Submitted by starosta on Tue, 12/04/2018 - 01:04
Autor prispevku
Czecho-Slovak Legion in Cochrane in 1920
Czecho-Slovak Legion in Cochrane in 1920 from collection of Gerry Robichaud, used with permission.

A friend sent me a link to a photo that showed a large contingent of soldiers on the Cochrane railway station platform. Someone had hand-written “Slovak Troops Passing Cochrane Ont.” on the face of the card.

Slovak Troops Passing Cochrane Ont
Slovak Troops Passing Cochrane Ont

Further investigation led to the original listing of a photo post card on eBay, suggesting it was from the 1930s. It originated in the Netherlands and ultimately sold for $172.50. This raised more questions as the uniforms were World War 1 vintage with their puttee leg wrappings and French Foreign Legion type forage caps. Being familiar with Slovak history in Northern Ontario, I was not aware of any circumstances that could explain this scene. Before 1918, the Slovaks were under the yoke of the Austro-Hungarian Empire. They were conscripted to fight for the Central Powers of Austria, Hungary and Germany against the Triple Entente of England, France and Russia. Then in 1939 Slovakia became a client state of Germany and again was aligned with the Axis powers against the Allies. There was a POW camp in the Kapuskasing area in WW1 and another in Montieth in WW2 but no Slovaks were interned there. The Canadian National name on the letter boards of the rail cars indicated that the time frame was after 1918, when the Canadian Government Railways, precursor to the CNR, was formed.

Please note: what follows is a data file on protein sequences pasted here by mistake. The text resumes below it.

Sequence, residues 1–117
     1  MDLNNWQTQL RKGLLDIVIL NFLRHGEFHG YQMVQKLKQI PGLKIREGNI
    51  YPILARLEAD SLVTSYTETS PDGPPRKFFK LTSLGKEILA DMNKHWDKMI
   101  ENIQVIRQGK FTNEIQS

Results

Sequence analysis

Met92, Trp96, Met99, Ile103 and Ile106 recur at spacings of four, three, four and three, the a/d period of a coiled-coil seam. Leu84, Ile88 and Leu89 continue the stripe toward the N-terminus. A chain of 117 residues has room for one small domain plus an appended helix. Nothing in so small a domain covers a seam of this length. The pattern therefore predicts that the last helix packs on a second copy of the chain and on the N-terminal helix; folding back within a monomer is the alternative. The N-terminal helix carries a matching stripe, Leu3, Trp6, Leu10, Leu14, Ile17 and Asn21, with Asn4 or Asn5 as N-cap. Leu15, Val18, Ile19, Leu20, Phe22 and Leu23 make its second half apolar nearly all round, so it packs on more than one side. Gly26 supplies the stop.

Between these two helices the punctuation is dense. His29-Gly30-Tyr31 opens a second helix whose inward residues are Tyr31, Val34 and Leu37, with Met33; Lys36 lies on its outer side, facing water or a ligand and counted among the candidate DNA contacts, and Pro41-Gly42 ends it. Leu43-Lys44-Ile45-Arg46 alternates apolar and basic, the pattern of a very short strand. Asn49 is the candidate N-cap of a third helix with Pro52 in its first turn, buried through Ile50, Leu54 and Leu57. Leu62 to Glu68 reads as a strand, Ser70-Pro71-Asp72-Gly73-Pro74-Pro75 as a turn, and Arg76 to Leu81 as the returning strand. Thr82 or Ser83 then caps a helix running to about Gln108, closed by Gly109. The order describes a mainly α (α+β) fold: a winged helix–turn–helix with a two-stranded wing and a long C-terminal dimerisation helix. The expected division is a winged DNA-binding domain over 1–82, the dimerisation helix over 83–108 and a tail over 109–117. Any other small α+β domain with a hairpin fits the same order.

Friends pointed me in the direction of the Czecho-Slovak Legion, a volunteer army fighting for the Allies in Russia, and their repatriation from Vladivostok, Siberia in 1920. Some of these Legionnaires crossed Canada on their way home to their newly formed country of Czechoslovakia. Although my parents had come to Canada from Czechoslovakia in the 1930s and settled in Bradlo, a Slovak community near Hearst, the history of the Czechoslovak Legion was new to me, but not for long.

Books, internet articles, in English and Czech, a DVD called “The Accidental Army” produced by Bruce Bendinger in his Czech Legion Project and microfilms and files at Library and Archives Canada provided the answers. The story of the Czecho-Slovak Legion and its passing connection to Northern Ontario began to emerge. This article will provide a concise history of the Czecho-Slovak Legion and its journey across Canada followed by excerpts from the war diary of František Breber, eye witness to history.



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